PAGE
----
The second joint Food and Agriculture Organization (FAO) and International Egg Commission (IEC) seminar for egg producer organizations took place June 9-10 in Johannesburg, South Africa.  Members of producer organizations from Botswana, Lesotho, Malawi, Mozambique, Zambia and Zimbabwe were joined by FAO and IEC members from Australia, Canada and South Africa for this two-day seminar, with representatives from each country presenting plans on how to increase egg production and consumption.  

Topics such as egg and human nutrition, poultry health, housing systems, the role of egg producer organizations and financing for small business were discussed with a number of experts from the FAO and the private sector.

Building upon the success of the initial joint FAO-IEC Egg Capacity Building seminar held in Lusaka, Zambia, in September 2013, the seminar was held in conjunction with AVI Africa, the annual conference organized by the South African Poultry Association (SAPA) and the largest poultry exhibit in Africa. 


Rhodnie Sisala, recently elected as chairperson of the Poultry Association of Zambia commented: “This program should continue in order to consolidate what has been learned and continue to share experiences across the Southern African region.  Our organization is keen to implement some of the ideas presented during the past two days.”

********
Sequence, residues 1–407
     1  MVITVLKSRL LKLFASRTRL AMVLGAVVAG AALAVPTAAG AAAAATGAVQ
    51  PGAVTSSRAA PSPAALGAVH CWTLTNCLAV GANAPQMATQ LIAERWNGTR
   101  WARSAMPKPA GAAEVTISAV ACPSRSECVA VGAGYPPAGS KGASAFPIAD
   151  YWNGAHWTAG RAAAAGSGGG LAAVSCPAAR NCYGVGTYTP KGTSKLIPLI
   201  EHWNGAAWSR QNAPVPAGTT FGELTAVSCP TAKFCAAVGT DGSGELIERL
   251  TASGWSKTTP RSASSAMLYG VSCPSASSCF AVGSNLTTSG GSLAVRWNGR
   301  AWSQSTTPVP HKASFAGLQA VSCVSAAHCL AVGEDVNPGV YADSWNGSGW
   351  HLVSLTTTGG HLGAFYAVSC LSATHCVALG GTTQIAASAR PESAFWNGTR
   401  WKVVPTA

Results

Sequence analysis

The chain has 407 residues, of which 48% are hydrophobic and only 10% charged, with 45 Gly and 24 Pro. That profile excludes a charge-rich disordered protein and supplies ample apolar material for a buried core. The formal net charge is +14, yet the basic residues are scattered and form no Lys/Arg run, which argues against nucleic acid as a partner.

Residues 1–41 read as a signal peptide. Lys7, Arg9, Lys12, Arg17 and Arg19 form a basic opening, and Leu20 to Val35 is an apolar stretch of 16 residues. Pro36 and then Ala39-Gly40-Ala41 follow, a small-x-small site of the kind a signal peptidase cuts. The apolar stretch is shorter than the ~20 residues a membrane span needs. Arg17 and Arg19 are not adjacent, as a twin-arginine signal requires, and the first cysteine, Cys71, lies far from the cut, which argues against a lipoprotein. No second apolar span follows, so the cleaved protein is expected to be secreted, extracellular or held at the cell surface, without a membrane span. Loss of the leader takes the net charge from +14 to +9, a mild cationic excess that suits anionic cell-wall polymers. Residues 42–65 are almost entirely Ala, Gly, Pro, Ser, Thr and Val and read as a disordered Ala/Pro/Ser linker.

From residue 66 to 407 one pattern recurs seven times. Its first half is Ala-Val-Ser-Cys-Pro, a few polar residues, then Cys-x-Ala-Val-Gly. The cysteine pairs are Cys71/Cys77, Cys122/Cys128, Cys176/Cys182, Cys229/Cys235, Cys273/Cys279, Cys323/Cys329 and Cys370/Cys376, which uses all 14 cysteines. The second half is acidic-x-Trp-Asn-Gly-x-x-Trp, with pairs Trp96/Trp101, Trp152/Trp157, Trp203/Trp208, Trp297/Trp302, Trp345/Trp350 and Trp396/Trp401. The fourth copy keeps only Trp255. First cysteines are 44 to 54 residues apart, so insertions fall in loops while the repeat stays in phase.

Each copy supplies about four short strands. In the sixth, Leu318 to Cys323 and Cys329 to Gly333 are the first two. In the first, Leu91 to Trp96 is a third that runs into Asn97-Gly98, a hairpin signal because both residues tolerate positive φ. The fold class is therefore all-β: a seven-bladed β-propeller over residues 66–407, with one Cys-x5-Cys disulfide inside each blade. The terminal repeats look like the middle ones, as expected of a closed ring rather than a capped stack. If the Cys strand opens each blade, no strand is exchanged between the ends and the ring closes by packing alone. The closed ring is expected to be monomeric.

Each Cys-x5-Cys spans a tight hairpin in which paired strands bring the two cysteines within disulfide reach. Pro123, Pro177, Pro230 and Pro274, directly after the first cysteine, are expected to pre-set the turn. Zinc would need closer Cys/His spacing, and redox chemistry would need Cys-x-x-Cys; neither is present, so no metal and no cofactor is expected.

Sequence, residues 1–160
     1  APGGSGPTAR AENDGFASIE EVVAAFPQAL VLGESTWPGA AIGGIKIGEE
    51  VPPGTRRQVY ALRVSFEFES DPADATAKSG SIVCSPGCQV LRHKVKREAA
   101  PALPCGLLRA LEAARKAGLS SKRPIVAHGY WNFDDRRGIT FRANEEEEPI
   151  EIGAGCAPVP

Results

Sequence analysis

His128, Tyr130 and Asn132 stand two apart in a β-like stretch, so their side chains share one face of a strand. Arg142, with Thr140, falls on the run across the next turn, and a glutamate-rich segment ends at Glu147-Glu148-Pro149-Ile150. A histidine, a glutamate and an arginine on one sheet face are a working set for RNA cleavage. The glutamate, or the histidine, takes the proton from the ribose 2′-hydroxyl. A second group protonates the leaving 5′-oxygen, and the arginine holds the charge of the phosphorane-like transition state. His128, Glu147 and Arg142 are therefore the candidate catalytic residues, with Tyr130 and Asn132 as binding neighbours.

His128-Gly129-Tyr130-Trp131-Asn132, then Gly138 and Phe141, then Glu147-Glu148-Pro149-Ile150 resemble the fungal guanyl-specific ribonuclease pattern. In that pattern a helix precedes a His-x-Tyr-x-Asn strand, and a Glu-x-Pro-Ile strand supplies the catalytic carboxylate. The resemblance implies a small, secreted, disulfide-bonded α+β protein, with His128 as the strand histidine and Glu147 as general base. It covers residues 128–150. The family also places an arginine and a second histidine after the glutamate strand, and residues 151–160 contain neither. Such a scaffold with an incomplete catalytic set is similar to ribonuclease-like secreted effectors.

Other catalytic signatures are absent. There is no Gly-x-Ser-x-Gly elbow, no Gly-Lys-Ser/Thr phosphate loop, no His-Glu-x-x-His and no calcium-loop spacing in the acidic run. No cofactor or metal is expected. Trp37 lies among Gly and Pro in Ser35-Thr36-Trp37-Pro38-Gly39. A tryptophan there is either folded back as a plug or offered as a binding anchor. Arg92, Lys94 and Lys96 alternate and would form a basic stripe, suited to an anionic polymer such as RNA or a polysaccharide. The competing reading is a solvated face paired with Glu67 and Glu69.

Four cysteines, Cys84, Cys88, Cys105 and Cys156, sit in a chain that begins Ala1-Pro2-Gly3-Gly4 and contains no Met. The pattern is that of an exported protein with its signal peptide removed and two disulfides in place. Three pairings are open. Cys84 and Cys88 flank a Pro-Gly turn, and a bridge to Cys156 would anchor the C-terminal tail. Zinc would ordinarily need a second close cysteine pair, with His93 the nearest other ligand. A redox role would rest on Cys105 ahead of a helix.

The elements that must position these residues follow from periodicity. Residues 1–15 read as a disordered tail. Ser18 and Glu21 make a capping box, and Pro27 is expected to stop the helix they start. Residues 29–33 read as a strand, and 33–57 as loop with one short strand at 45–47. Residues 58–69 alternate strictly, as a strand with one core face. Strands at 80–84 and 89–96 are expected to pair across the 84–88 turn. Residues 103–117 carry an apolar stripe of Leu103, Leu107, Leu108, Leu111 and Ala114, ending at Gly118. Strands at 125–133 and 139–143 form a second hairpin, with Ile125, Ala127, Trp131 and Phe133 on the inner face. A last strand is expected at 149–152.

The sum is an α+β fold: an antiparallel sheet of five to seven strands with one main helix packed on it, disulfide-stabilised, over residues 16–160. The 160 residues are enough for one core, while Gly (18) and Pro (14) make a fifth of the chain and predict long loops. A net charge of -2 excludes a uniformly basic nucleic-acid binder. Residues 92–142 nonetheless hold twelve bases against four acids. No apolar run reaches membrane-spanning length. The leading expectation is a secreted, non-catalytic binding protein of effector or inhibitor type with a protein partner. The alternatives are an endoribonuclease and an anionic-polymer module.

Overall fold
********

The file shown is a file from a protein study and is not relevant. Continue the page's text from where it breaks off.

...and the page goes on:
Dr. Vincent Guyonnet from the IEC commented: “The seminar was extremely positive, with the two-day event ending with each country presenting some plans of action to grow egg production and egg consumption in their local markets.  IEC members and FAO staff will continue to provide support to delegates and work together over the coming months to focus on fine-tuning these plans and identifying ways to finance these proposals and implement them.”

Dr. Olaf Thieme from the FAO said: “The inclusion of all stakeholders of the poultry values chains – including small and large producers – in the formulation of national action plans will be important for achieving a sustainable development of the poultry sector that will contribute to reduction of poverty and malnutrition.”